Professor Hiroyuki Yokoyama of the new industry creation hatchery center (NICHe) of Tohoku University, and advanced materials laboratories of Sony Corp., have succeeded in jointly developing a blue-violet ultrafast pulsed semiconductor laserwith dramatically improved peak laser beam output levels that are 100 times that of the world's current highest levels. Such laser can reportedly increase capacities of Blu-ray discs by twenty times.
This latest successful development is an all-semiconductor laser picosecond pulse source with a laser wavelength of 405nm in the blue-violet region. It is capable of generating optical pulses in the ultrafast duration of 3ps (1 picosecond = one-trillionth of a second), with ultrahigh output peak power of 100W and repetition frequency of 1GHz. Advanced control of the newly-developed and proprietarily-constructed GaN-based mode-locked semiconductor laser and semiconductor optical amplifier have enabled peak output power in excess of 100W to be achieved, which is more than a hundred times the world’s highest output value for conventional blue-violet pulse semiconductor lasers, according to Sony.
The newly-developed blue-violet semiconductor laser (right)
The newly-developed semiconductor optical amplifier (left)
Although there have been ultra high-output laser devices combining solid-state lasers and a second harmonic generation unit for high functionality and high-value leading-edge chemical research applications in the past, the light source box itself was bulky and a specialist technician was required to ensure the stable operation of the laser. There are high expectations that this newly-developed semiconductor laser system, which incorporates semiconductor diodes, can have a much wider range of future applications. For instance, this technology enables the size of components such as the light source box to be drastically reduced.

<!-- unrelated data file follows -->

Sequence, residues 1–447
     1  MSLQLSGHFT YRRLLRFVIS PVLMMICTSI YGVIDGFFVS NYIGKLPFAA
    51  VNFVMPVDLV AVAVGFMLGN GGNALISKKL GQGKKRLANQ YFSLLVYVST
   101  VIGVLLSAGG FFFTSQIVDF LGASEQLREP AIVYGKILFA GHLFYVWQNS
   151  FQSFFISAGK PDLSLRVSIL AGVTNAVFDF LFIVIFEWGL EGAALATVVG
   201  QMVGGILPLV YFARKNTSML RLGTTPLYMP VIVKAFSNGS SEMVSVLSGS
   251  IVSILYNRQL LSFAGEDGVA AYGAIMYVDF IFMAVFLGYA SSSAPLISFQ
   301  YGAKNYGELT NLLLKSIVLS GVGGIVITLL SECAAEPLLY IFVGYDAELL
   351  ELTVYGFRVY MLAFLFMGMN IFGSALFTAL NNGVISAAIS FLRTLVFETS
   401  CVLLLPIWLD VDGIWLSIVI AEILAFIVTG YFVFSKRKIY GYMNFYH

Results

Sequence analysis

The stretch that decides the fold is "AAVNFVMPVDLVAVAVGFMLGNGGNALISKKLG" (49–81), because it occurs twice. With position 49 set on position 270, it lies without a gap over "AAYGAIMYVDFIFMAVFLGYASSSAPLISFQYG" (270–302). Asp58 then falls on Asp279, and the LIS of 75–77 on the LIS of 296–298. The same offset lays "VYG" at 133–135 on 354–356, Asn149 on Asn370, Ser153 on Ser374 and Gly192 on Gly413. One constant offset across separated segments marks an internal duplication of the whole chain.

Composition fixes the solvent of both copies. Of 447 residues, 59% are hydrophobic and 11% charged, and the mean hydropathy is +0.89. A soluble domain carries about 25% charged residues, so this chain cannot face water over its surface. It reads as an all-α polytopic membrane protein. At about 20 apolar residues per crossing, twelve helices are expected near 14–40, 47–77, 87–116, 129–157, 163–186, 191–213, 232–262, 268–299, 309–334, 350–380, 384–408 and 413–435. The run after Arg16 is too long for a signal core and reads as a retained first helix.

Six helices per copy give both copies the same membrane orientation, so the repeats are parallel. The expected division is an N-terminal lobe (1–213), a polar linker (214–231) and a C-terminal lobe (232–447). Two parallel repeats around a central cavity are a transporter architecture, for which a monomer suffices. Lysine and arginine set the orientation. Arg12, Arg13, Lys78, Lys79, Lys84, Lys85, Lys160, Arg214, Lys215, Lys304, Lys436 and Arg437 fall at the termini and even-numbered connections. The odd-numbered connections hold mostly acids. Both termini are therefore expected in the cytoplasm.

This newly-developed ultra high-output, ultrafast pulsed semiconductor laser light source is capable of using a nonlinear optical process known as two-photon absorption, which occurs only as a result of high intensity optical pulses. When light from the laser beam is concentrated on the lens, it creates chemical and thermal changes in the vicinity of the lens focus spot which is narrower than even the diameter of the focus spot of the lens itself. It is anticipated that application of these properties will be possible in a wide range of fields such as three-dimensional (3D) nano-fabrication of inorganic/organic materials in the order of nanometers, and next-generation large-capacity optical disc storage.
Sony tested the principles for applying this technology in next-generation large-capacity optical disc-storage by creating void marks with a diameter of approximately 300nm at intervals of 3micrometers on the interior of plastic material, and successfully read these marks with the laser beam.
These experimental results have been achieved through integration of Tohoku University’s fundamental technology on ultrashort pulse lasers and Sony’s fundamental technology on semiconductor laser diodes. Hereafter, Tohoku University and Sony will work to further develop its fundamental technology for creating even higher output and multi-functionality, while developing the practical applications of this technology to make these systems even more compact and stable.